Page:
Alfonso Díaz explains how an investment in the club’s stadium can help to mitigate the island’s environmental risks
How long can you preserve paradise? It’s a question that has long been pondered by the politicians and policy makers of the Balearic Islands, the Mediterranean archipelago that serves as a haven for millions of tourists every year.
Worsening environmental conditions pose a significant risk to the islands’ status as a little corner of heaven in Europe, with rising sea levels threatening to engulf popular beaches, single-use plastics polluting areas of natural beauty and climate change increasing the intensity and regularity of unbearable heat.
In response to this, the Balearic government set the ambition to become the world’s first circular tourist destination, with a focus on the reduction of resource use, transitioning away from fossil fuels, producing more food locally and delivering more sustainable mobility solutions to residents and tourists.
RCD Mallorca, the most successful football club to hail from the region, wants to be part of the solution and, according to its chief executive, Alfonso Díaz, the club can be a key vehicle both in terms of infrastructure support and raising the profile of major environmental issues and the solutions.
“We live on an island, so we have to be very proactive in trying to preserve our natural environment,” Díaz says. “Regulations from the government make it easier to develop a culture around sustainability and our local authorities are one of the most positive in Spain in terms of sustainability regulations. We want to work with them to be an example for other companies and show that we can have a great influence.”
At the heart of these plans are a big renovation project at the club’s Visit Mallorca Estadi, its home since 1999. Accelerated by a near-€2 billion investment in LaLiga (the league in which RCD Mallorca plays) by private equity firm CVC, infrastructure improvements in the stadium will go some way to supporting the environmental goals of the island of Mallorca and the wider Balearic community.
With limited reserves and more frequent droughts, water management has been a big issue for Mallorca for many years. Climate change is making this worse; in the summer of 2019, water reserves fell by 4%. As well as attempting to instil a more sustainable approach to water demand management, local authorities are searching for solutions to improve the water supply through rainwater collection.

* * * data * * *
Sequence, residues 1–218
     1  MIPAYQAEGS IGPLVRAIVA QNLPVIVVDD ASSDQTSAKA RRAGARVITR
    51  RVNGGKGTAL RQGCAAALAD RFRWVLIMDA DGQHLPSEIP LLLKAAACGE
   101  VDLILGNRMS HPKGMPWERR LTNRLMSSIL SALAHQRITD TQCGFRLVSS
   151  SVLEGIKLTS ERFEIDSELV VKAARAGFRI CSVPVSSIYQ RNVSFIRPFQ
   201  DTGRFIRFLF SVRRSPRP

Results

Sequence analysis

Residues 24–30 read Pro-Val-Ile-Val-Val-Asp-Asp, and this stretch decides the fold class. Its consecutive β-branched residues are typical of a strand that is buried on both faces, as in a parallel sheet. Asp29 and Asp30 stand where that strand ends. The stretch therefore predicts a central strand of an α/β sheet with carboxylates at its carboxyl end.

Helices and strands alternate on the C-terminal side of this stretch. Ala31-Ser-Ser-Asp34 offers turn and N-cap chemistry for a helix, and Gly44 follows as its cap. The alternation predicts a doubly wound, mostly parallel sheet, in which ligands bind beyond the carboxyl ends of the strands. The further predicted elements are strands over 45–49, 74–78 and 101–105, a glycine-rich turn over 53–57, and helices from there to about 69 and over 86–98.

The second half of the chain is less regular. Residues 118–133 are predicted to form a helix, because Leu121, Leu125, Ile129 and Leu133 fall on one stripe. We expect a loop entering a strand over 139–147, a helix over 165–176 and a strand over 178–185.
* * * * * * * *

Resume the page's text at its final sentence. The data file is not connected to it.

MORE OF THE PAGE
To reduce its burden on the local water supply, the stadium is being installed with a rainwater collection and storage system on the roof of its new east grandstand that will go some way to satisfying its pitch irrigation needs.
Reducing its reliance on the use of single-use plastic, both on matchdays and at the club’s training centre also aligns with local environmental priorities. A single-use plastics ban (that includes cups, plates, trays, cutlery and straws, but not bottles) was established by the local government. And nonprofit, Save the Med Foundation, works with companies to phase out these products through its Balearics Without Plastic Program.
Footprint, a plant-based material science company that partnered with the club in 2021, has helped to remove much of the single-use plastic from the stadium by providing fans with biodegradable food and beverage containers that cut emissions down by 60% as well as waste.
“We’re looking at zero plastic with Footprint and we’re looking for collaborations with different sponsors and partners who are ready to work with us on making this change,” Díaz (above left) explains.
He adds that while leadership commitment is important, the main goal is to spread the message through to employees, fans and other key stakeholders. Partnerships like the tie-up with Footprint are key to this, Díaz stresses.
“Football is the sport with the biggest reach and we have to take advantage of this,” he says. “We have the opportunity to make significant changes. We’re not talking about pieces of paper and written commitments – this stadium is a reality, you can touch it with your hands.”
The Boost LaLiga project, created with the CVC investment money, has been developed to foster innovation, internationalisation and sustainability within Spain’s top clubs, with much of the money going towards big infrastructure projects to reduce operational impact on the environment and improve efficiency.
During the first stage of the Visit Mallorca Estadi renovation, 232 LED lights replaced inefficient old units that were lighting the pitch, reducing energy consumption by half.
The next stage of the renovation, says Díaz, will include the integration of a large photovoltaic array to cover much of the stadium’s energy usage. With the region still dependent on fossil-fuel derived energy, which is contributing to the risks it is facing around climate change, coupled with the fact that Mallorca has, on average, 300 days of sunshine per year, the transition to cleaner energy is a pressing priority.
“We have an important role,” Díaz says. “In general, building a culture takes time. The renovation of the stadium is a big change and will set up a new culture around being environmentally friendly and sustainable. This can help our region a lot.”
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